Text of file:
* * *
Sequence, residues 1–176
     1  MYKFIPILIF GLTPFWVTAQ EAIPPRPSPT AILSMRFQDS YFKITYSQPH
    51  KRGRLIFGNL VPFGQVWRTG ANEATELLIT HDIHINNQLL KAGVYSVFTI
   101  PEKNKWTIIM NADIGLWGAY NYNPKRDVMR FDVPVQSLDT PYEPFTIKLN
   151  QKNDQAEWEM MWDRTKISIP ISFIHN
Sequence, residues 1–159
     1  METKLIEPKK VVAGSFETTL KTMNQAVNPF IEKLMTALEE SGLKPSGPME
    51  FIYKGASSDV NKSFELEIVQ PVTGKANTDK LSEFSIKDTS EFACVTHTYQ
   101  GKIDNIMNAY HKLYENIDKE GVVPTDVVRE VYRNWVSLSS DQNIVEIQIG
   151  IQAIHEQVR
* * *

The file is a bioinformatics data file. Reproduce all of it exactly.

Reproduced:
Sequence, residues 1–176
     1  MYKFIPILIF GLTPFWVTAQ EAIPPRPSPT AILSMRFQDS YFKITYSQPH
    51  KRGRLIFGNL VPFGQVWRTG ANEATELLIT HDIHINNQLL KAGVYSVFTI
   101  PEKNKWTIIM NADIGLWGAY NYNPKRDVMR FDVPVQSLDT PYEPFTIKLN
   151  QKNDQAEWEM MWDRTKISIP ISFIHN
Sequence, residues 1–159
     1  METKLIEPKK VVAGSFETTL KTMNQAVNPF IEKLMTALEE SGLKPSGPME
    51  FIYKGASSDV NKSFELEIVQ PVTGKANTDK LSEFSIKDTS EFACVTHTYQ
   101  GKIDNIMNAY HKLYENIDKE GVVPTDVVRE VYRNWVSLSS DQNIVEIQIG
   151  IQAIHEQVR